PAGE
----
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May 11, 2009
Volume 87, Number 19
p. 40

Fluorescent Puppies, Maskbusters

For Adoption: Five adorable, unique dogs, part beagle, part nightlight. Born by a surrogate mother and laboratory-reared, these dogs may have a tint of red on their bellies and toenails. Serious inquiries only.

Ruppy love: Beagles in South Korea may be world's first transgenic dogs.
Ruppy love Beagles in South Korea may be world's first transgenic dogs.

Pandemic paranoia: Surgical masks alone don't prevent the spread of swine flu. ISTOCK (BOTH)
Pandemic paranoia Surgical masks alone don't prevent the spread of swine flu.

Residents in South Korea may soon be seeing an ad like this one posted on local telephone poles. Byeong-Chung Lee, So Gun Hong, and coworkers at Seoul National University, in South Korea, and elsewhere, claim they have successfully created the world's first TRANSGENIC DOGS. The team published their findings in the journal Genesis (DOI: 10.1002/dvg.20504).

The five dogs, all named Ruppy for "Ruby Puppy," produce a red fluorescent protein found in sea anemones, which under ultraviolet light causes the animals to glow a bright red similar to that of a laser pointer.

The Seoul team transferred 344 embryos bearing the sea anemone gene into 20 surrogate mother dogs. Seven of the 20 took to the implantation, and six puppies ultimately were born. Out of these, one died of chronic bronchopneumonia after it was accidently bitten by its mother.

Although the dogs only glow brightly under UV light, a slight red hue is detectable on their skin and claws in ambient light. During an autopsy of the deceased dog, red fluorescence was visible in all tissues, including its brain, heart, and bones.

What, you might ask, is the exact point of genetically engineering dogs that glow? The researchers believe that this proof-of-principle experiment will open the door for transgenic dog models of human illnesses, including heart disease and some cancers.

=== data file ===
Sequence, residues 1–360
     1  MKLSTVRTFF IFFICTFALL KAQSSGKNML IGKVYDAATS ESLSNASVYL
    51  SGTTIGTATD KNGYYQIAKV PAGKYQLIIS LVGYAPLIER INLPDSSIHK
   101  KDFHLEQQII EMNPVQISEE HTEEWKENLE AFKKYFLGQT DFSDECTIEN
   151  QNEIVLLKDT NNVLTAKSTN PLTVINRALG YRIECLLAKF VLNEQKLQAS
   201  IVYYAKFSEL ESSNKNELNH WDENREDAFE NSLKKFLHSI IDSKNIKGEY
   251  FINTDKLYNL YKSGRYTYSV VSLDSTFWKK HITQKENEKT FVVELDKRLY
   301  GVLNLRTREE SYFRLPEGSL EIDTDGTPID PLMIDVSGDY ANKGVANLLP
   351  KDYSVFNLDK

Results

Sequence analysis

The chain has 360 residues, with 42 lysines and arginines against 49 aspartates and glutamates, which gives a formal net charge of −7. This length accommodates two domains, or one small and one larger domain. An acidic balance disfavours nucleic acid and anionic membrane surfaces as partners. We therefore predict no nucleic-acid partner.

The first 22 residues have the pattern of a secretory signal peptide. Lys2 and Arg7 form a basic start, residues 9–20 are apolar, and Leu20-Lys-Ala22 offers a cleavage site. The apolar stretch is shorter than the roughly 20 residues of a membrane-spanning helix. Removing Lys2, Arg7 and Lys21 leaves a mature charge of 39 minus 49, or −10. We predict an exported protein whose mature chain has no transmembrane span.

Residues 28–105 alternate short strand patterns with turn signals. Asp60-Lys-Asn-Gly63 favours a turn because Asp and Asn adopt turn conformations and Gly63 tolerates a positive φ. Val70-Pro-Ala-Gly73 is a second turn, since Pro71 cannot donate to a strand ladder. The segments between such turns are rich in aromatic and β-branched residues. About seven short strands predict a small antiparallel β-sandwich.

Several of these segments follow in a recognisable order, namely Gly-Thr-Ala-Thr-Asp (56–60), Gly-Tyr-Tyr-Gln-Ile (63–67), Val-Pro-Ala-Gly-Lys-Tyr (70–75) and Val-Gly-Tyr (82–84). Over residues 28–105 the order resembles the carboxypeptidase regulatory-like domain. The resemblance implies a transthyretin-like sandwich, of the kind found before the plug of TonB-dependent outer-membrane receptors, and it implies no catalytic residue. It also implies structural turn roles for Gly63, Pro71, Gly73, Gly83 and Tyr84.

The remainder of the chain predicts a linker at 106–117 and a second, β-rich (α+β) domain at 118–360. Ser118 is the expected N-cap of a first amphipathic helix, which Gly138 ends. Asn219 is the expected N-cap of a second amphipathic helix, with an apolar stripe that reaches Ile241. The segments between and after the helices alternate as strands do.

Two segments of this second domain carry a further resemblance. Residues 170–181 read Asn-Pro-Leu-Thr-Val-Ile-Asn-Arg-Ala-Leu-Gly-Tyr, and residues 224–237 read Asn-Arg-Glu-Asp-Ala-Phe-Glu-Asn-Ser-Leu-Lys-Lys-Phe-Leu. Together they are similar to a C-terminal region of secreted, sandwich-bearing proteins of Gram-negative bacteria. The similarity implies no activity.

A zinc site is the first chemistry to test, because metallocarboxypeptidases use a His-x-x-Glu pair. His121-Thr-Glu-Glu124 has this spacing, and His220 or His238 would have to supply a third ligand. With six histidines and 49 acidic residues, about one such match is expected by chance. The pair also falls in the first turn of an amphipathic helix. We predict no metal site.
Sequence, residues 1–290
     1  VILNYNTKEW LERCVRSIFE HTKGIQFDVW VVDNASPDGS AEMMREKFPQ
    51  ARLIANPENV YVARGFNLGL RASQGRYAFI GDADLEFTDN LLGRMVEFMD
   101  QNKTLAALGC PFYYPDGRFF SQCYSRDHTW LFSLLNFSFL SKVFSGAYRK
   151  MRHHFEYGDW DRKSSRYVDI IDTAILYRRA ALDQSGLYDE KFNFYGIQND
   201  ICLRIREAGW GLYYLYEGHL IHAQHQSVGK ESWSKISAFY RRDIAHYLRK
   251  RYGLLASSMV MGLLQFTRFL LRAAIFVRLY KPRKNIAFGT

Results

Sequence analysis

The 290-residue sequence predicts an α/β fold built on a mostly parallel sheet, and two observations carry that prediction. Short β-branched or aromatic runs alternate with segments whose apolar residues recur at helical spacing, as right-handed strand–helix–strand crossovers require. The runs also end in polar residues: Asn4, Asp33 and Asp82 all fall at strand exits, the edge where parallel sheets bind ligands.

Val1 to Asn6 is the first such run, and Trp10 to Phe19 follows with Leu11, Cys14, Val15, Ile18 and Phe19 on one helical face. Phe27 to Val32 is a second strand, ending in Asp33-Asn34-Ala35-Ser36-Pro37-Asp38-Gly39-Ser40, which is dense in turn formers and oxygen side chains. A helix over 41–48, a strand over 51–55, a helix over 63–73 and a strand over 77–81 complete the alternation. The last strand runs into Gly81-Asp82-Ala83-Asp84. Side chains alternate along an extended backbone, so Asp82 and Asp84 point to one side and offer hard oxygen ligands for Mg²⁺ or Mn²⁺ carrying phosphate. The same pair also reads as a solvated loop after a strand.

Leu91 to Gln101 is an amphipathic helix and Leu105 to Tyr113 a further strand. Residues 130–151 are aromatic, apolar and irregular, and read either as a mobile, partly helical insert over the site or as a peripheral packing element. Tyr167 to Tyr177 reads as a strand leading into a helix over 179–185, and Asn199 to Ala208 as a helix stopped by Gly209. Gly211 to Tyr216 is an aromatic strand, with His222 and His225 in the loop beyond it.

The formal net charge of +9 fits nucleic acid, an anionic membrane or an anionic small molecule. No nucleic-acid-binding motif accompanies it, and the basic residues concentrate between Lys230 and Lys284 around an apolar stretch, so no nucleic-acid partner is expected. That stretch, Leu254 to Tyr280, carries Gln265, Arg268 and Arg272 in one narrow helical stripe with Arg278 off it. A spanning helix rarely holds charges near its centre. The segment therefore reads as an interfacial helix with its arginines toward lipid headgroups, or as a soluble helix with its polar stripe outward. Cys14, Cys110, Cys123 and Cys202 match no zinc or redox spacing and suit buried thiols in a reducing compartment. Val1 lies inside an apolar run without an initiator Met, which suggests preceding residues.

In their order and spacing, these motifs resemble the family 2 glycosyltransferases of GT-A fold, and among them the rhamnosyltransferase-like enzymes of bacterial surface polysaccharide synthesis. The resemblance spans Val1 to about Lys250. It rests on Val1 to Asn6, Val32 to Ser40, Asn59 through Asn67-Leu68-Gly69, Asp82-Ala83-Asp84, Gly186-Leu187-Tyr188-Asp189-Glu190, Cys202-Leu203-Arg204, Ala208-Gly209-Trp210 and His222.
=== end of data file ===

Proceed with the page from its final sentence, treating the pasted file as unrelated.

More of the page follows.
"Dogs exhibit 244 genetic diseases similar to those found in humans, making them one of the closest known models for various human hereditary diseases," the team writes. "Indeed, dogs have been considered as one of the most invaluable models in the research field of drug discovery."

Speaking of disease, it's time for a quick Newscripts public service announcement. In response to the World Heath Organization's upgrading of its Epidemic & Pandemic Threat Level from phase 3 to phase 5 (as of press time) because of the growing threat of an H1N1 virus pandemic, known more familiarly as SWINE FLU, sales of surgical masks have spiked around the U.S.

Although surgical masks seem like an inexpensive way to ward off the virus, the perception of their usefulness may be misleading. Back in 2007, the American Journal of Public Health reported on the effectiveness of surgical masks and respirators as influenza control measures (97, S32). It's important to note the distinction between the two. The paper defines respirators as "masks designed to shield the wearer from inhalational hazards" and surgical masks as "designed to protect others from contaminants generated by the wearer."

H1N1 causes a respiratory disease transmitted person-to-person through coughing or sneezing. Healthy individuals become infected when they touch something with the virus on it and then touch their nose, eyes, or mouth.

If you already have a transmissible illness, surgical masks might protect others by containing the droplets that can spread onto surfaces if you cough or sneeze, similar to covering your mouth. But a virus coming toward a mask from the outside would find about as much resistance to its forward motion as a person running through a sparse forest. For healthy people around sick people, the mask's best role perhaps is to remind them not to touch their face.

The Centers for Disease Control & Prevention won't tell you not to wear the masks but recommends other, possibly more effective, prevention methods such as frequent hand washing and maintaining a safe distance from anyone who appears sick.

Faith Hayden wrote this week's column. Please send comments and suggestions to

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Chemical & Engineering News
ISSN 0009-2347
Copyright © 2009 American Chemical Society


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